It should give me, after carbonation and some brett over work, a 4% really sparkly BW.
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Old 01-30-2014, 01:27 PM   #315
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Why are you doing two boils?
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Old 02-04-2014, 02:35 AM   #316
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Quote:
Originally Posted by bknifefight View Post
Why are you doing two boils?
The first one is just to sterilise the wort prior to the sour worting. Then I'm sur I have nothing else than lacto going on. The second is to sterilize again, boil off DMS and hop the wort.
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Old 02-04-2014, 05:25 AM   #317
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Quote:
Originally Posted by Tiroux View Post
The first one is just to sterilise the wort prior to the sour worting. Then I'm sur I have nothing else than lacto going on. The second is to sterilize again, boil off DMS and hop the wort.
Your first boil is completely unnecessary. Mashing at 150 takes care of most beasties and anything that tries to take root in there will be discouraged by heat (100-110F or 38-43C) and by covering your vessel and purging the headspace with CO2. Butyric Acid bacteria and Acetobacter are your main culprits of Berliner problems and both work to convert alcohol to the dreaded butyric acid and acetic acid (vinegar) respectively.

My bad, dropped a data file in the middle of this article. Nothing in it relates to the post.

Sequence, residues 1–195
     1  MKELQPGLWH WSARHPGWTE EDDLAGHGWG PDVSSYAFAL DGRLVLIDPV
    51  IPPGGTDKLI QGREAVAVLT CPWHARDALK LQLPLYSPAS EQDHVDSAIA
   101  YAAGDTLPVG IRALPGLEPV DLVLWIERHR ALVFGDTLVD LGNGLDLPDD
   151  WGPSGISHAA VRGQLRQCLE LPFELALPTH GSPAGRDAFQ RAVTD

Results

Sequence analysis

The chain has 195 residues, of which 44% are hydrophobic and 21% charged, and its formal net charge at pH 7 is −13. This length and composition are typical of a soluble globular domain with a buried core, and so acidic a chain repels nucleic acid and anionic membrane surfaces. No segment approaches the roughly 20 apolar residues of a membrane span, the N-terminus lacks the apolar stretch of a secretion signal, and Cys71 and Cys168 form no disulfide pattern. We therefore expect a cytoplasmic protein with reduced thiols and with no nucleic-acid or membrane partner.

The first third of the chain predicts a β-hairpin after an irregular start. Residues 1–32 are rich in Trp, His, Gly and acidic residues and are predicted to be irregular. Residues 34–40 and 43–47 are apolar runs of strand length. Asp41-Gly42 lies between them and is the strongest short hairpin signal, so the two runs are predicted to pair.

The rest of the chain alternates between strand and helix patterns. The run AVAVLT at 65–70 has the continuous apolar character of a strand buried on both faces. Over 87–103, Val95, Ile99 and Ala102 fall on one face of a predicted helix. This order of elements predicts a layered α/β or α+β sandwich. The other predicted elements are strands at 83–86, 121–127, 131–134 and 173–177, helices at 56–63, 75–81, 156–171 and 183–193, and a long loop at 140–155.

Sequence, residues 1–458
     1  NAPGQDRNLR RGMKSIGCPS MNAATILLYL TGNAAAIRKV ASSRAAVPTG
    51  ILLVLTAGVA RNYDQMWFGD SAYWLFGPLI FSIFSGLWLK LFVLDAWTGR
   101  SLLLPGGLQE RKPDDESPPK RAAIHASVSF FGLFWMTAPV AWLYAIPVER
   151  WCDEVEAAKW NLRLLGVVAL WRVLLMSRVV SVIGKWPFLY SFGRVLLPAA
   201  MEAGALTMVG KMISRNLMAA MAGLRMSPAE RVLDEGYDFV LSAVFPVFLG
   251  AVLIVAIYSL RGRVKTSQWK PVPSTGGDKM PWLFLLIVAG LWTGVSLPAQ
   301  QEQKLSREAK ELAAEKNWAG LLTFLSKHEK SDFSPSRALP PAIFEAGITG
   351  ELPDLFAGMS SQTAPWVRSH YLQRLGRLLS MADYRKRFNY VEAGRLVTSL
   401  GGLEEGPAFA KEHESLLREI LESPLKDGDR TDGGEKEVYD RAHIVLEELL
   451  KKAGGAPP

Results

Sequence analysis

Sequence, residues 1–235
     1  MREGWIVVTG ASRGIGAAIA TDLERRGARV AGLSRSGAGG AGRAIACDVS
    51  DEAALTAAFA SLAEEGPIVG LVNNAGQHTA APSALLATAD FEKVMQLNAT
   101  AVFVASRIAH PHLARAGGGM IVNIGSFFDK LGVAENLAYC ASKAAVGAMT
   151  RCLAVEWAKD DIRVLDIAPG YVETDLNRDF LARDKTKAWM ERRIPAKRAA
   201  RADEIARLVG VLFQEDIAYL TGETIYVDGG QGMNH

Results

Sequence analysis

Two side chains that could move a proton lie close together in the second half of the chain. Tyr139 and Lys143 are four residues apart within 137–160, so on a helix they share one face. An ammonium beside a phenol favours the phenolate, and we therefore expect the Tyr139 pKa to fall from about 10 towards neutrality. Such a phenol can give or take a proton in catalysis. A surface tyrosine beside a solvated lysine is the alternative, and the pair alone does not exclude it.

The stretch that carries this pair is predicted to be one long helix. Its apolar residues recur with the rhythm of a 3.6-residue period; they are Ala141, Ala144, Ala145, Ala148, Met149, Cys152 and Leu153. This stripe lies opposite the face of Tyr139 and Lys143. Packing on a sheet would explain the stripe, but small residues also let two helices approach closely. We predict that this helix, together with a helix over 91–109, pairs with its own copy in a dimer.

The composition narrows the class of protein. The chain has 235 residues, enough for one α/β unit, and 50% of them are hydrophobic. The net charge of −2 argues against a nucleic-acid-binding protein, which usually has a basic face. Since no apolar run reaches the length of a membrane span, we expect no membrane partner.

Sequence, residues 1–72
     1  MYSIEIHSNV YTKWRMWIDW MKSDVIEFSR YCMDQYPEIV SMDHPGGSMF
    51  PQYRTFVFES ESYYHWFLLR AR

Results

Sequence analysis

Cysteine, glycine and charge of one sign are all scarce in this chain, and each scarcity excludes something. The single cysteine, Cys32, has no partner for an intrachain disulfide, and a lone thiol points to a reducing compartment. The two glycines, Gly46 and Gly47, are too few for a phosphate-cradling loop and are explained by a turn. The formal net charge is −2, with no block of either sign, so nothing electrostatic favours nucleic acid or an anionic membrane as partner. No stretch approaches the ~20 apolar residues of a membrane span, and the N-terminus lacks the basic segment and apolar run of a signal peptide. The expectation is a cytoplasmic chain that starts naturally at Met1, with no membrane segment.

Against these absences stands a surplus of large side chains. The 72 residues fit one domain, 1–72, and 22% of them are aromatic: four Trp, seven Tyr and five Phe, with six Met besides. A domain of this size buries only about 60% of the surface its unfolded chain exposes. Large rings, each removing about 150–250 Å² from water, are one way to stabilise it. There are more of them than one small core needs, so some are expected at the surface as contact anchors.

However, your initial fermentation is using Lactobacillus Delbrueckii to convert sugar to lactic acid. Lacto D. is a known homofermentative species and as such will not produce anything but lactic acid during its fermentation process. Your wort will contain sugar, starch, proteins, lactic acid and water, but no alcohol until you introduce yeast after your proposed second boil.

Furthermore, once the wort is inoculated with Lacto D., it will crowd out competitors like a yeast when introduced in a large enough quantity, like let's say, a smackpack. And once it takes root, it will work rather quickly to lower the pH below 4.5. Again, the low pH is in your favor and makes it hard for undesirables to gain any headway.

Like any other beer, with proper sanitation and a little preparation, you can sour mash easily and safely with very little to worry about.
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Old 02-04-2014, 03:39 PM   #318
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I know all that (and by the way, lacto D is hetero, blowing out a lot of co2, wich is impossible if producing only lactic acid). But hey, could it hurt to take 15 minutes more? Better be too safe than not enough.